The Study of Urban Geography
Source: adapted from H. Carter (1995) The Study of Urban Geography, Fourth Edition, London: Arnold, p. 126.
- Differential accessibility. Some activities require specialized facilities such as port and rail terminals. For instance, the retailing sector demands maximum accessibility, which is often different from centrality offered in the CBD.
- Land use compatibility. Similar activities group together since proximity implies improved interactions through the process of economies of agglomeration. Service activities such as banks, insurance companies, shops and institutions are strongly interacting with each other. This can be defined as centripetal forces between activities.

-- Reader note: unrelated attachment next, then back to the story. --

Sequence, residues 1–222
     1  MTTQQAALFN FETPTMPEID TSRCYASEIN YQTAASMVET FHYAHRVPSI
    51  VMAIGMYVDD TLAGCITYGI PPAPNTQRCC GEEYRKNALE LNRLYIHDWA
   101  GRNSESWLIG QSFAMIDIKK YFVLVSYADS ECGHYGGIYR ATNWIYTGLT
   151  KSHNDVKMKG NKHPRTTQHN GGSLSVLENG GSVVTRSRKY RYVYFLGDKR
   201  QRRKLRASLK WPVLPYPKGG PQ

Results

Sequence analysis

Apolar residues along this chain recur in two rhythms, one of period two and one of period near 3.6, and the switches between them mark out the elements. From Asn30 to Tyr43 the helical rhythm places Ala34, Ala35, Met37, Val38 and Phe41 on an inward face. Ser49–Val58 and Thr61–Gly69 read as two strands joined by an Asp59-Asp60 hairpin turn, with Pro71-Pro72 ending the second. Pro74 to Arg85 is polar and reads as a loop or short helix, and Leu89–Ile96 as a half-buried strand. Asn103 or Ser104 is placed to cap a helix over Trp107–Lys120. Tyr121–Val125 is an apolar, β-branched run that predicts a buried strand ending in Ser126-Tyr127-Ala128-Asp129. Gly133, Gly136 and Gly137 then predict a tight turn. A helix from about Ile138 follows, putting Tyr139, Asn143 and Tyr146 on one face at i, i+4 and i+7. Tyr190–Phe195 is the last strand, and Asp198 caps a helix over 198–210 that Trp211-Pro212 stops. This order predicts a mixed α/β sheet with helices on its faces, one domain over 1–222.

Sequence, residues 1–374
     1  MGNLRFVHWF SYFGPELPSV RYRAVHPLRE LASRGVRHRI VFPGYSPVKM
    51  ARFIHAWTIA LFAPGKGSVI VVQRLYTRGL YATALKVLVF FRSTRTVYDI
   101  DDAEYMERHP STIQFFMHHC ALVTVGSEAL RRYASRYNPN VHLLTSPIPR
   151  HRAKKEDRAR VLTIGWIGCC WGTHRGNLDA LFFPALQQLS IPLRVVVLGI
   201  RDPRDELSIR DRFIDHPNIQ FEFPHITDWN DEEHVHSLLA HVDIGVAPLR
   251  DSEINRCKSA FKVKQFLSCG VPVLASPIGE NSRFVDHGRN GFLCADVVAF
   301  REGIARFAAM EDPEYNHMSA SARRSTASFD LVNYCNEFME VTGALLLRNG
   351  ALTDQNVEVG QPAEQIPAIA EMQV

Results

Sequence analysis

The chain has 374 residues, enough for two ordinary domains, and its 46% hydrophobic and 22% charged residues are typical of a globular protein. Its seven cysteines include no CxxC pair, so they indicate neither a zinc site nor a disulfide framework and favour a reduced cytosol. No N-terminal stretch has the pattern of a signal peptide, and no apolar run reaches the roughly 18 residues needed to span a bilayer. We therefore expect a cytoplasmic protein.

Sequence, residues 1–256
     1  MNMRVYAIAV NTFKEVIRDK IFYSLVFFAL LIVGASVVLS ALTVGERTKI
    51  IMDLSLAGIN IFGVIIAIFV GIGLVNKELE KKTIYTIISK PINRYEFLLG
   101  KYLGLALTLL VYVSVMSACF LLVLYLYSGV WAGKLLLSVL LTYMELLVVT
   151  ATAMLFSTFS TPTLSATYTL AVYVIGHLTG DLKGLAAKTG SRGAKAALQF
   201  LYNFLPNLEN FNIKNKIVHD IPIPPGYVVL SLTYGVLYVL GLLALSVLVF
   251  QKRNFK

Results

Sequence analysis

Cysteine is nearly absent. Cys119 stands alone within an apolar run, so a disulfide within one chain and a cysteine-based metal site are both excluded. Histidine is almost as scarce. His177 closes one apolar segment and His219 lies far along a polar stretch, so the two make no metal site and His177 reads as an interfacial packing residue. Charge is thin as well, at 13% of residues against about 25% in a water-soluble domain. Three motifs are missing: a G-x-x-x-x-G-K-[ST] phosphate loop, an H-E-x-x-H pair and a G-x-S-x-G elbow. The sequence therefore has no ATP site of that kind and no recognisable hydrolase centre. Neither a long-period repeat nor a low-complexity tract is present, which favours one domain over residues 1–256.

- Land use incompatibility. Some activities are repelling each-other such as high quality residential and heavy industrial. This may be defined as centrifugal forces. This is one of the main reasons why poorer neighborhoods tend to be located on the eastern side, at least in industrial cities. Since in the northern hemisphere, prevailing winds tend to be westerlies, so eastern sections of an industrial city tended to have a higher level of exposure to industrial air pollution.
- Location suitability. Some activities cannot afford the rent of the optimal site for their location. They are thus locating at cheaper places, which are not optimal, but suitable for these activities.